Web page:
The primary goals focused on productivity, tracking material moved, reducing the carbon footprint and keeping staff a safe distance from machines on the jobsite. Trimble’s VisionLink – a fleet, asset and site productivity management software – was then used to capture data from dump trucks, to be analysed and displayed through dashboards available on iPad. The Loadrite system gave excavator operators precise weight information to optimally load dump trucks. Trimble GCS900 GPS systems were used to track project progress and monitor material movement and the locations where material was cut and filled.

Georgiou also used Business Center – HCE’s Corridor Mass Haul module to create a digital terrain model of the Alkimos project site, define haul zones and perform a comprehensive mass haul analysis of the project.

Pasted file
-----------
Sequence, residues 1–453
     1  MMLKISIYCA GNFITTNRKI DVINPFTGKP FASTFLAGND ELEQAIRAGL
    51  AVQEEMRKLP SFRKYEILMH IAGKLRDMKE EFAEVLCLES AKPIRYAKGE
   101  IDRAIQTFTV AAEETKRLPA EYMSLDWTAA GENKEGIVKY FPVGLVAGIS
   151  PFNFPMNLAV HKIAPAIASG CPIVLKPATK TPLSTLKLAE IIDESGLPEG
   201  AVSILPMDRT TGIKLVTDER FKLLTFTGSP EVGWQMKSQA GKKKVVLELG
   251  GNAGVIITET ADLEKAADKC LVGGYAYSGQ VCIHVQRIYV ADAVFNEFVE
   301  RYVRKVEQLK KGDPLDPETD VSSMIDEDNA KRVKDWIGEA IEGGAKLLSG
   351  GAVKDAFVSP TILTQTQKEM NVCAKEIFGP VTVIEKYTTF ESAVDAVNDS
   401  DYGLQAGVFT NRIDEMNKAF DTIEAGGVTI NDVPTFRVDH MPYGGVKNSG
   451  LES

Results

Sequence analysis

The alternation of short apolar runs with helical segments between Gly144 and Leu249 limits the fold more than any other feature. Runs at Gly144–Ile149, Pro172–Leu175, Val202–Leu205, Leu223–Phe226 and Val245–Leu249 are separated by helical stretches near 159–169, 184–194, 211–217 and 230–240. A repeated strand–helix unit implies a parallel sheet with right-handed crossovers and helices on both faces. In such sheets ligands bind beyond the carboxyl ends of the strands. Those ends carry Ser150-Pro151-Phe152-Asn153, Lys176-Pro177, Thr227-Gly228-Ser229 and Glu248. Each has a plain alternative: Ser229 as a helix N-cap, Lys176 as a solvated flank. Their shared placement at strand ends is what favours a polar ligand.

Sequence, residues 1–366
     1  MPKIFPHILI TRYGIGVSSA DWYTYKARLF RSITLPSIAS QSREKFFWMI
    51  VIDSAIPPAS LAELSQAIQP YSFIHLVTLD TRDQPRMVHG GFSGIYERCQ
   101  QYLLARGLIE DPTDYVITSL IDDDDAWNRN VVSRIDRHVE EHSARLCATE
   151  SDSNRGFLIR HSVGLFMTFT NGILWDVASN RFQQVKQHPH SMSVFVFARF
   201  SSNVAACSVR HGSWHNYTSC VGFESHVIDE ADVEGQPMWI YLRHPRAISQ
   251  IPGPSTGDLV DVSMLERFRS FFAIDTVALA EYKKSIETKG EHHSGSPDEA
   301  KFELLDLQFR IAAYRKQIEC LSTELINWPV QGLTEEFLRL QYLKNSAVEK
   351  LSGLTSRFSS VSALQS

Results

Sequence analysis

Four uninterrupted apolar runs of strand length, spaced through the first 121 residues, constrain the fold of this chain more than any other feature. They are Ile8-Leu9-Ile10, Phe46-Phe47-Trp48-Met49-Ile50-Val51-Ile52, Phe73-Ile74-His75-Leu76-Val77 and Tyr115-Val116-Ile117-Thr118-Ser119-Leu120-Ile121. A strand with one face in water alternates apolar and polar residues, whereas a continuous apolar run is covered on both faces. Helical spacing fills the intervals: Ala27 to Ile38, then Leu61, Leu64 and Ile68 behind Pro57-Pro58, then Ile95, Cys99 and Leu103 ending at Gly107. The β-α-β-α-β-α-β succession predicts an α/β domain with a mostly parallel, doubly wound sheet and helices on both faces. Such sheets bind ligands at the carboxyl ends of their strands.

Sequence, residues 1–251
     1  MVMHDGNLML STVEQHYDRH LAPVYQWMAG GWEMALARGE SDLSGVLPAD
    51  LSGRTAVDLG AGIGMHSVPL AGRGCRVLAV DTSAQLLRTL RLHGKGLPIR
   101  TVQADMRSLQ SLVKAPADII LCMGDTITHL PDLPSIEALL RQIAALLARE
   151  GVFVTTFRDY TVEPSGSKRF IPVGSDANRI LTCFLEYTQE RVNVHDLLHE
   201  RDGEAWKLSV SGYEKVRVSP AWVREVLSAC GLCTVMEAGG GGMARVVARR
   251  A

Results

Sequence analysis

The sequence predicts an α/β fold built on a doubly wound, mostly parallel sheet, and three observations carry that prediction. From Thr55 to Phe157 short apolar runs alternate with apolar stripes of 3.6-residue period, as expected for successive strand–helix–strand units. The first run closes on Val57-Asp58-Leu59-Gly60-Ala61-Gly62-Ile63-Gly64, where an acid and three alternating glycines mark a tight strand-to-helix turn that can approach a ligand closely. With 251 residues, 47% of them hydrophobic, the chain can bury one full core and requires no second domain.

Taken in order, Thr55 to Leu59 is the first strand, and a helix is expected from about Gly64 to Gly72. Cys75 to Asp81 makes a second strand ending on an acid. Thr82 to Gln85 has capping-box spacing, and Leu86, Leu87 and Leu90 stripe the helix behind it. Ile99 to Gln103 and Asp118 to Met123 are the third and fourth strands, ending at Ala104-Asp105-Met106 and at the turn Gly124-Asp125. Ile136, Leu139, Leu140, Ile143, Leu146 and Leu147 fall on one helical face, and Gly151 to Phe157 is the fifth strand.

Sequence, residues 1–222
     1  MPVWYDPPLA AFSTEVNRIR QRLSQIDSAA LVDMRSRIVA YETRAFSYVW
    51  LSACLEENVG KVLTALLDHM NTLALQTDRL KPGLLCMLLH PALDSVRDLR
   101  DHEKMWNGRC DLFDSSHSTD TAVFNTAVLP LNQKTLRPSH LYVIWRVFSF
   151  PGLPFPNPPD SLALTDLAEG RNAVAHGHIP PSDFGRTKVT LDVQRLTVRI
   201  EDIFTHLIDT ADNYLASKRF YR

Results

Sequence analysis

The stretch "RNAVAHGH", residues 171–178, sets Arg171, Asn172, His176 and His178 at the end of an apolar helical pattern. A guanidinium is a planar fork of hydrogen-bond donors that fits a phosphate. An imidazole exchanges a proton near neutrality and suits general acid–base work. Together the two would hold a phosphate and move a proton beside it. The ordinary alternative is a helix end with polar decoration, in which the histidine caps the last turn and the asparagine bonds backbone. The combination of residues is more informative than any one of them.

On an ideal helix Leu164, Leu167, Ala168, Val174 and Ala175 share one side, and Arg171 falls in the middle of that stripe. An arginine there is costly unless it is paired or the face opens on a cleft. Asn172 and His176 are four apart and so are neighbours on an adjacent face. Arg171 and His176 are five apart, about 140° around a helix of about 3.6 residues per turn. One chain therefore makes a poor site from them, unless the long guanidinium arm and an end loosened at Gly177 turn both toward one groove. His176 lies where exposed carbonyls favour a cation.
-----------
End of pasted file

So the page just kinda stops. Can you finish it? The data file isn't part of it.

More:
Accurate, real time data

“The technology solution provided by Trimble and the working partnership developed with SITECH WA has allowed Georgiou to discover the benefits this technology can deliver to the business for earthworks projects of this size and nature,” Hitsert said. “The positive outcomes from this project have enabled Georgiou to utilise this technology to manage productivity on future projects. With a better understanding of the Trimble hardware and software, we are now challenging Trimble to provide additional functionality, to further improve productivity.”

Ryan estimated the cost savings to the project were in the order of 20 per cent, explaining one of the biggest advantages of the system was being able to determine and track the cost of moving a cubic metre of dirt on a daily basis. Project management could see how quickly trucks were being loaded and show operators their individual productivity data compared with other operators.